Unlike traditional stucco, which is non-insulating and typically comprised of Portland Cement, sand, and water, synthetic stucco is really not stucco at all. Synthetic stucco generally refers to a type of Exterior Insulation Finishing System (EIFS), a insulating wall coating that may consist of more than one synthetic layer and foam insulation. It is often used as a facade on a building’s exterior walls in place of cement stucco because it may be more quickly and easily applied. One example is known as one-coat stucco, a synthetic stucco applied as one coat or layer, where traditional stucco is usually applied in three layers. This may suit a wide range of function and design for both structural and decorative needs.
The installation of this EIFS may be an on-site renovation overseen by plaster professionals, or the synthetic stucco may be pre-fabricated into panels and then shipped to the installation site. With the use of adhesives, the stucco is then applied to what is known as the substrate. Common substrates may include new or existing concrete, cinder block, brick, plywood, and other common building materials. It may also be applied to paper or wire mesh over a wood frame or other material for use on various interior and exterior projects.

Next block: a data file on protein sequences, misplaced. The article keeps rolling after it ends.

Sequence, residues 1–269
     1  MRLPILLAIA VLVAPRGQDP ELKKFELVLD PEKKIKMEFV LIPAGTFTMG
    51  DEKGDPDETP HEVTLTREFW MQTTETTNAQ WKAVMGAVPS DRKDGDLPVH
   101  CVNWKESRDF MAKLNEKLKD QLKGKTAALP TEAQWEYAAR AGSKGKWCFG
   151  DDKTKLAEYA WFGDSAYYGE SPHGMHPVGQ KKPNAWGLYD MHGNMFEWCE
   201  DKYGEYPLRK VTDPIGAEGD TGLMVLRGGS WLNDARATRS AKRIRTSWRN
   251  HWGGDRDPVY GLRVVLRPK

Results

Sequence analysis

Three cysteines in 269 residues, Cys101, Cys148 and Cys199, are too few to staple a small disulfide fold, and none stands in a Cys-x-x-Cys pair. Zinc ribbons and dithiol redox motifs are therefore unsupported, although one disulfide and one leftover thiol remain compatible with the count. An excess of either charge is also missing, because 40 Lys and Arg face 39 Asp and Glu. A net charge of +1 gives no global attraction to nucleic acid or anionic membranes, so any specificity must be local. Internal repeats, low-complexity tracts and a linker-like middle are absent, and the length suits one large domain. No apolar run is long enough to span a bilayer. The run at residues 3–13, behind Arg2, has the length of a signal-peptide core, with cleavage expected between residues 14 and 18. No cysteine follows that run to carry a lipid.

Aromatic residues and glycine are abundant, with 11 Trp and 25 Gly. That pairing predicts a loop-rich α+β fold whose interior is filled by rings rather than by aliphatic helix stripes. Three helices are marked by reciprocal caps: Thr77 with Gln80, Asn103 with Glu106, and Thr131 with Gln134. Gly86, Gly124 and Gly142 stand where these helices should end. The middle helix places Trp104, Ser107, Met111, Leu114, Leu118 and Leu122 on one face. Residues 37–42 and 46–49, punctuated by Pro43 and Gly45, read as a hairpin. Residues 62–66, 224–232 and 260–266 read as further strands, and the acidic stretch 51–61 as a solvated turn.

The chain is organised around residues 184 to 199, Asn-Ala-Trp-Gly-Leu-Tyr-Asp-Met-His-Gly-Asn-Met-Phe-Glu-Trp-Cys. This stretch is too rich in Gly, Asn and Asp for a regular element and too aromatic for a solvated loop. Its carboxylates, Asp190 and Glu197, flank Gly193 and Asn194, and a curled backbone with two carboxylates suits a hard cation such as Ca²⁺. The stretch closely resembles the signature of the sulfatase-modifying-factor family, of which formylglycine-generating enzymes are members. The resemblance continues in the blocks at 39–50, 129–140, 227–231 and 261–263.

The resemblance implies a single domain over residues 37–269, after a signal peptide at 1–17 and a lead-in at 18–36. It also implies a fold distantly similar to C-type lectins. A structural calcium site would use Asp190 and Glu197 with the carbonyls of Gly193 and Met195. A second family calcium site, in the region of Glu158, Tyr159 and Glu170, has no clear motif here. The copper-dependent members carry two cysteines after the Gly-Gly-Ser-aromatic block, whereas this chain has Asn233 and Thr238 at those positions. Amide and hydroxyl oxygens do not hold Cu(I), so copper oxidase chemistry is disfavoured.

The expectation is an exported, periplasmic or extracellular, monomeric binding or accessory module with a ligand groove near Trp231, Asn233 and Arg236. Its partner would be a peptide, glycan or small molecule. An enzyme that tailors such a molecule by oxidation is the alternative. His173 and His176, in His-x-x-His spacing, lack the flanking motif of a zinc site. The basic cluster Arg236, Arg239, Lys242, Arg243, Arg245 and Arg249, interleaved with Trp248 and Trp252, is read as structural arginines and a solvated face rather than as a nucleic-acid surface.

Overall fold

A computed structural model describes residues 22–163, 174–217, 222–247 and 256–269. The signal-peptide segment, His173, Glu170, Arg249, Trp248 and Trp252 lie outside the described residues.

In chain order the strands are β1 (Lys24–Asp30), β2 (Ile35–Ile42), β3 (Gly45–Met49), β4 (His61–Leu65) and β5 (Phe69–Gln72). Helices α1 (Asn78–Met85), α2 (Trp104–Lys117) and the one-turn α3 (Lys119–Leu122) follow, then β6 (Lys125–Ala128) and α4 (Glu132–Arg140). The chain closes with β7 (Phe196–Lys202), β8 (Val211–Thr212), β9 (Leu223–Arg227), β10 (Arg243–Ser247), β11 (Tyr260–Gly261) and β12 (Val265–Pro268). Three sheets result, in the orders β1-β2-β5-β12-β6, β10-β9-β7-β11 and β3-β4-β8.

A Barrier EIFS, probably the most common and basic EIFS, is comprised of three layers. The "foam" layer, usually foam plastic insulation in the shape of 2 foot x 4 foot (0.6 m x 1.2 m) sheets, is first applied using an adhesive. The base coat, a reinforced layer usually comprised of fiberglass mesh embedded in adhesive, is then applied to the insulating layer. The finish, or topcoat, may then be applied, with a trowel or by spraying, to create an array of stucco-like textures and colors. Aside from synthetic stucco, the EIFS finish may also be made to resemble granite or brick-like textures.
Moisture retention is one possible concern when installing synthetic stucco or any type of EIFS, particularly for wooden structures where water runoff may become trapped between the existing wood and the synthetic layers. An EIFS with Drainage was created to help resolve this issue. Prior to installing an EIFS like synthetic stucco, a water-resistant barrier (WRB) or moisture-wicking membrane may be installed on any wooden substrate. In addition, a drainage cavity is usually created to allow for water dispersal and to ensure the wooden structures experience little or no water damage. This type of EIFS is often required by building codes for structures that contain wood substrates.